The Missing Place
My dad and his older brother were born in North Dakota, so the Dakotas have always held a special place in my family history. But I think it's safe to say that for many Americans, the Dakotas have been easily forgotten or ignored. At least until lately, when the recent oil and gas boom in the northern plains has catapulted the Dakotas back into the headlines --- and drastically propelled their economy, too.
This rapidly changing, Wild West atmosphere is the setting for Sophie Littlefield's new novel, THE MISSING PLACE. In it, two women are brought together under unimaginably stressful circumstances and forced into an unlikely --- and, at times, uncomfortable --- partnership.
"THE MISSING PLACE is an effective portrayal of how desperate circumstances and bizarre surroundings can prompt people to find courage and take chances they never would have imagined otherwise."
Having raised her only son in suburban Boston alongside kids bound for Harvard and other Ivy League schools, Colleen never would have predicted that Paul would drop out of college in favor of working on an oil rig in the Dakotas. But that's exactly what happens, and although Colleen is puzzled by Paul's choice, she accepts it…until his infrequent phone calls and texts stop altogether, and it appears that he may have disappeared. Ever the protective mother, Colleen knows she can't just sit back and wait for the investigation to unfold (if it ever does). Instead, she hops on a plane --- in January, no less --- and heads to the oil fields of North Dakota in search of her son.
When she gets there, though, she discovers a nearly alien world, one in which men outnumber women 10 to 1, and the rapid oil and gas boom means that hotel rooms and apartments can't be had at any price. That's how she winds up sharing a ramshackle motor home with Shay, another mom in town on a quest --- to find her son Taylor, who's also missing. Colleen and Shay have virtually nothing in common besides their shared desire to find their sons and figure out what happened to them. But they are stymied at every turn --- by the oil company, the local police department, and their own hesitance to trust one another.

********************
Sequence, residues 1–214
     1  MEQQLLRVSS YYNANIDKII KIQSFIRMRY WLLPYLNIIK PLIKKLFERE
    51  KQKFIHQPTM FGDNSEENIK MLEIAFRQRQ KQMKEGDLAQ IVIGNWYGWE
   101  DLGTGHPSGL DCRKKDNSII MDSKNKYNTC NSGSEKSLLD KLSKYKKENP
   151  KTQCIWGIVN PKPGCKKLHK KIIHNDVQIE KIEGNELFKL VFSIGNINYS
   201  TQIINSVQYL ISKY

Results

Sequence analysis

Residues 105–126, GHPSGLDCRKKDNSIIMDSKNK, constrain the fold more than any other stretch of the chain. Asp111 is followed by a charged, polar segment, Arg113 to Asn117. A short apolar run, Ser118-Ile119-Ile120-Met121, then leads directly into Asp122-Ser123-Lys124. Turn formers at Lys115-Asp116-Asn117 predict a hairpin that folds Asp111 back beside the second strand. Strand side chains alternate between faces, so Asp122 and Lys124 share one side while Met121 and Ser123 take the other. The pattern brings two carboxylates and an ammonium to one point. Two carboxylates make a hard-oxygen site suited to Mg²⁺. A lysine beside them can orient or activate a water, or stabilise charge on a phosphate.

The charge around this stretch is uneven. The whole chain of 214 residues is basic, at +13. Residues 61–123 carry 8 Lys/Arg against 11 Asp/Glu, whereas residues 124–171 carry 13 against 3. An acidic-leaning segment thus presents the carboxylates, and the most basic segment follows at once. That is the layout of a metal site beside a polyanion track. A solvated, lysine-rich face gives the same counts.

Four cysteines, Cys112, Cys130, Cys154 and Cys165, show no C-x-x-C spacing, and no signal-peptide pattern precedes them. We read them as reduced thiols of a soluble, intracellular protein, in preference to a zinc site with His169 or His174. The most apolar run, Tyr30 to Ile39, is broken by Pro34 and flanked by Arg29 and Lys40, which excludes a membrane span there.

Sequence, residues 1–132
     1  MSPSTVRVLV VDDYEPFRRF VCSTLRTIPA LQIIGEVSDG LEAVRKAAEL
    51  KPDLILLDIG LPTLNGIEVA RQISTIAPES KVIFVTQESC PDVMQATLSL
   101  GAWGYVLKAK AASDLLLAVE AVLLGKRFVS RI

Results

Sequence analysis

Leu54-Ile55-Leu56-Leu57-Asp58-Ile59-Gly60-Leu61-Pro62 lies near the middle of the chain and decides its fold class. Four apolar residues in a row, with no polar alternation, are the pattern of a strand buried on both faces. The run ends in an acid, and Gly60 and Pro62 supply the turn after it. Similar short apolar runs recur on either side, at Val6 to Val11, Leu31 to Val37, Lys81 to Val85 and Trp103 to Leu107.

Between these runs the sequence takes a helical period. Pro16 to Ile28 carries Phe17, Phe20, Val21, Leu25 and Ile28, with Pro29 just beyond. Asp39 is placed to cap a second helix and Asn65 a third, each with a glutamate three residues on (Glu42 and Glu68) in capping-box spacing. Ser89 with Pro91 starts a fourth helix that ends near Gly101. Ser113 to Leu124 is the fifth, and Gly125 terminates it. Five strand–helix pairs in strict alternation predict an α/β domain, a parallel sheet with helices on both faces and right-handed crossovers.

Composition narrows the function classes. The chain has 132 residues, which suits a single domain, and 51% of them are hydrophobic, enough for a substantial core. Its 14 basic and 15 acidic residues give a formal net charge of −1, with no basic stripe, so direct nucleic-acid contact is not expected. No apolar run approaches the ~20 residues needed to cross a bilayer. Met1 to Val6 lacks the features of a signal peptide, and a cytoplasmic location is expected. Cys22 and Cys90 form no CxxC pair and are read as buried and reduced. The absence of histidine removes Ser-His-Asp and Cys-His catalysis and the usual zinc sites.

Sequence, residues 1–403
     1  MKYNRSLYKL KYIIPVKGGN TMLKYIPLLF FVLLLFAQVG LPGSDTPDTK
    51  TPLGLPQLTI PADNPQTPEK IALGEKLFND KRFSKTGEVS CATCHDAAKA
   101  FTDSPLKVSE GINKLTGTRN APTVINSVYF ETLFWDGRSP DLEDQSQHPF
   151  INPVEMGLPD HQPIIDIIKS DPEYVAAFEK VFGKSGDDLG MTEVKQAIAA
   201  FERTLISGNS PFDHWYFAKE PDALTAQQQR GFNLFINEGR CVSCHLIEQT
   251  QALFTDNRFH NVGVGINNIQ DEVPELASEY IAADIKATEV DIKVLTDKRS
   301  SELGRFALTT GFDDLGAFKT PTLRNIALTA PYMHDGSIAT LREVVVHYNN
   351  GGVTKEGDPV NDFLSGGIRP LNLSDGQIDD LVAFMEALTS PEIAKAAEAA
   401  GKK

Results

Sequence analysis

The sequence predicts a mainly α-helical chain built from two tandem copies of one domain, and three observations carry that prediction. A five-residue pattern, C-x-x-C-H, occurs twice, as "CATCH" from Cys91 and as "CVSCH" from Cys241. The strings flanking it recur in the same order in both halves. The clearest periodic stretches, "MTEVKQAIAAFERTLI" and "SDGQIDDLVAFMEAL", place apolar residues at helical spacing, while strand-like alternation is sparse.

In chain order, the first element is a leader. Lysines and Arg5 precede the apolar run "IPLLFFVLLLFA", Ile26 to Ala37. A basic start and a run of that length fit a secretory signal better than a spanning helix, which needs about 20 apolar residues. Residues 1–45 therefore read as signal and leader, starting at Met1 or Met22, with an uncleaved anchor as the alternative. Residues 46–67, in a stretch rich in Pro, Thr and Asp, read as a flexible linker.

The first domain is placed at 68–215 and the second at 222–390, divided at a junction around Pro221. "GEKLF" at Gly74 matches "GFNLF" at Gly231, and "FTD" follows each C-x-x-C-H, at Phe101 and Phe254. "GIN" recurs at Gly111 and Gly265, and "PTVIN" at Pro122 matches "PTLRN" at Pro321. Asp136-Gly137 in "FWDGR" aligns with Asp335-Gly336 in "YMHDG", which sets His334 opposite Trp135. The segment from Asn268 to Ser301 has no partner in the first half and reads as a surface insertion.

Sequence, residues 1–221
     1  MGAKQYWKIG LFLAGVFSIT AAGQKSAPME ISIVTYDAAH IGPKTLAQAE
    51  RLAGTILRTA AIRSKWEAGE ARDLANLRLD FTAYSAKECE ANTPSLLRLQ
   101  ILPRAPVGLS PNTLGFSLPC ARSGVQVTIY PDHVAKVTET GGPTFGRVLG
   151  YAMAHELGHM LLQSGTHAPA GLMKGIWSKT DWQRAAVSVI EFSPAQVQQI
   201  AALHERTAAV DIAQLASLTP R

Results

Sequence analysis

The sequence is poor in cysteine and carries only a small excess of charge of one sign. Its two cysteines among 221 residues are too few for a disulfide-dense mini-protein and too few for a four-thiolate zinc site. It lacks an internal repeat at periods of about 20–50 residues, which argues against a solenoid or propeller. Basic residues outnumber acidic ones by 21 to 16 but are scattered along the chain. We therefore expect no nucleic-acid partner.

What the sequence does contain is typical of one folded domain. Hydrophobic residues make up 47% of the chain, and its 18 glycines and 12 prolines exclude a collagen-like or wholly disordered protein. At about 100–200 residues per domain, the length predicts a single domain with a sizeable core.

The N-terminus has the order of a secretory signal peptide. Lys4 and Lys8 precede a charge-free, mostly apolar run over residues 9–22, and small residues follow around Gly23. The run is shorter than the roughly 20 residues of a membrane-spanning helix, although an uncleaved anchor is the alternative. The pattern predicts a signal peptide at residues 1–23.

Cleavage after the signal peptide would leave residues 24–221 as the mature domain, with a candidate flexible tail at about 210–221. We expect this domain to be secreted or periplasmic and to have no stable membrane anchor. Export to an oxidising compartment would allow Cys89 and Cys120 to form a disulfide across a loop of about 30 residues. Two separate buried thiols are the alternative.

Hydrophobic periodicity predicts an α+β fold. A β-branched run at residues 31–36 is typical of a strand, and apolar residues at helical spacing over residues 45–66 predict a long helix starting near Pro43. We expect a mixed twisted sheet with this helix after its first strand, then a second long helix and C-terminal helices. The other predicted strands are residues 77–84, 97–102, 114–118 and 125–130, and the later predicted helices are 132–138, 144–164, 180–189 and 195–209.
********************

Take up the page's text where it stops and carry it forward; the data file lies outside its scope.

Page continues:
In chapters told from both women's points of view, THE MISSING PLACE effectively illustrates each of their strengths and vulnerabilities as it reveals the secrets they’re hiding. The actual mystery plot is perhaps unnecessarily complicated; most readers' real interest will lie in the interactions between the two main characters, not in the numerous red herrings and plot twists that Littlefield lays down. Almost as compelling as the complex relationship between Shay and Colleen is the portrait Littlefield paints of this place in transition, where every man is out for himself, trying desperately to grab a piece of the pie before it disappears or they get burned.
THE MISSING PLACE is an effective portrayal of how desperate circumstances and bizarre surroundings can prompt people to find courage and take chances they never would have imagined otherwise.
Reviewed by Norah Piehl on October 17, 2014